• I like hamburgers and I now like grammar. I have always loved hamburgers, but not so much grammar. Hamburgers, at least good ones, are juicy and delicious. Grammar, was for me, dry and boring. Now that I’m older, my hips are wider and my writing, thin. So what is an overweight reader to do? Eat less burgers and consume more grammar. (Yeah, this is bad, but dinner is coming up and it’s the best I’ve got.)To get to the point, I’ve been on a quest to consume delicious books on grammar. Hold [...]

  • I actually REALLY enjoyed this book. Yes, it was an adult-ish book. It was also a nonfiction bok. I'm really lucky that grammar has always come really naturally to me as an English first language speaker, but I loved that this elaborated on that and explained things I never knew I never knew. Some of the list parts, particularly in the Vizzini chapter were really boring to me, but apart from this I was entertained and informed by the things that make us [sic]. So I have this thing where when I l [...]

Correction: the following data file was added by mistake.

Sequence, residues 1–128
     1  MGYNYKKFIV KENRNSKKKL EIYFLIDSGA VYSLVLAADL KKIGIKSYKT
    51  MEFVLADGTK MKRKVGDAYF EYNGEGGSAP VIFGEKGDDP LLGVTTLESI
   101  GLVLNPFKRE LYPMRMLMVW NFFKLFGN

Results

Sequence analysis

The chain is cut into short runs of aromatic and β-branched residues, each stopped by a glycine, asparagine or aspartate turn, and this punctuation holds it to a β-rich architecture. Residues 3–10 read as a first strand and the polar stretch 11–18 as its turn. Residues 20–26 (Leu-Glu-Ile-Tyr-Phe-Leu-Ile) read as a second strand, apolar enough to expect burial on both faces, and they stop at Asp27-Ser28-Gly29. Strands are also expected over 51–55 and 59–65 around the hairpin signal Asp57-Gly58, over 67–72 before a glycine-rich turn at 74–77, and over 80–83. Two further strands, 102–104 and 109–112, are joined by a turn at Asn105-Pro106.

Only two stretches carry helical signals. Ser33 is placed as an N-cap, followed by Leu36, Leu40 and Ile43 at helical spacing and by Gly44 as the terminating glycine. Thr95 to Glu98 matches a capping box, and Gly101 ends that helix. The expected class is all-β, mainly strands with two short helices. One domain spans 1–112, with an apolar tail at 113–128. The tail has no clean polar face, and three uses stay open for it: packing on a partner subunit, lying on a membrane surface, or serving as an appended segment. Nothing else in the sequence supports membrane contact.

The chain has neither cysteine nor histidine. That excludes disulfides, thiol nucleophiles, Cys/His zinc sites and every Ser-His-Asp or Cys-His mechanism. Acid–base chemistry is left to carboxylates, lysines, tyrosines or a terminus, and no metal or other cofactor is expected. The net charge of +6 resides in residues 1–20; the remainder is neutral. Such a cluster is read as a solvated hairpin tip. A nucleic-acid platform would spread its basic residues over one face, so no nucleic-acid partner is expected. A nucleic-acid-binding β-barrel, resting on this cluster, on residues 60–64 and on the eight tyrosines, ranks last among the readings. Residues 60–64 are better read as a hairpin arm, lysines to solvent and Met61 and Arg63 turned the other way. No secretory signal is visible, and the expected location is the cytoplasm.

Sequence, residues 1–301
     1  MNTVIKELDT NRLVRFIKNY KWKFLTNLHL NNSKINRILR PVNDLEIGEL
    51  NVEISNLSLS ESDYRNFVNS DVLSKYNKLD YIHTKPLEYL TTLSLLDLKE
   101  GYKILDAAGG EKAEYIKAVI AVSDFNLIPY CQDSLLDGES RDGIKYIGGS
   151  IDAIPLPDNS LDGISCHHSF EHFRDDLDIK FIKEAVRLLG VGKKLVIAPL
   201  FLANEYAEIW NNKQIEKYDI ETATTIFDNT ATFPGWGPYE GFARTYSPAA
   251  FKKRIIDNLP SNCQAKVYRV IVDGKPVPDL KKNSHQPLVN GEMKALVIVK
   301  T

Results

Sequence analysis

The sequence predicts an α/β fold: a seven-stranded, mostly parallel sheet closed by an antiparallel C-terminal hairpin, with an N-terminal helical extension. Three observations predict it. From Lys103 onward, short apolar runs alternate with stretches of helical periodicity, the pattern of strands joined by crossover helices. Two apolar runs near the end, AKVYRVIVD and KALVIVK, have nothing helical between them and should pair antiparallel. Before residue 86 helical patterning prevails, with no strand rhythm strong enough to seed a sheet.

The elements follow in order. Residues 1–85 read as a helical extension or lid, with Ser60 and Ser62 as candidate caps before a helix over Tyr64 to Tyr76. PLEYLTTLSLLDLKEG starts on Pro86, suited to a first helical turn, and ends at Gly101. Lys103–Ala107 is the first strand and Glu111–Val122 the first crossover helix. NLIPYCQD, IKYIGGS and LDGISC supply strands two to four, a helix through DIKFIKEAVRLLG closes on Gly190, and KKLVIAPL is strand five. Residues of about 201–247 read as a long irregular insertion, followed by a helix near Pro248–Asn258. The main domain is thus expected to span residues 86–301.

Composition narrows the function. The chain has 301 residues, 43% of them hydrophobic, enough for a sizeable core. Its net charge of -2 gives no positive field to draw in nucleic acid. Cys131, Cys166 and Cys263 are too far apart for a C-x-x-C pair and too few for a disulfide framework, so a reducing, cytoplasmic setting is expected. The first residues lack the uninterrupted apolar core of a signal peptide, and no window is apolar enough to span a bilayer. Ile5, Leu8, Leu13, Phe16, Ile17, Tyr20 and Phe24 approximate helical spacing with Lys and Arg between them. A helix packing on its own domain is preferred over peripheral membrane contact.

• At the close of this fine, often hilarious primer on grammar, the author notes that "People who buy grammar books don't usually need them, except to slam down upon the heads of others," and that's true—the people who have the most to learn don't bother reading, let alone reading grammar books.But if they did, this is one I'd put into their hands. A far better book than the inconsistent, mistake-riddled Eats, Shoots & Leaves by Lynne Truss (see Louis Menand rip it into tiny little pieces he [...]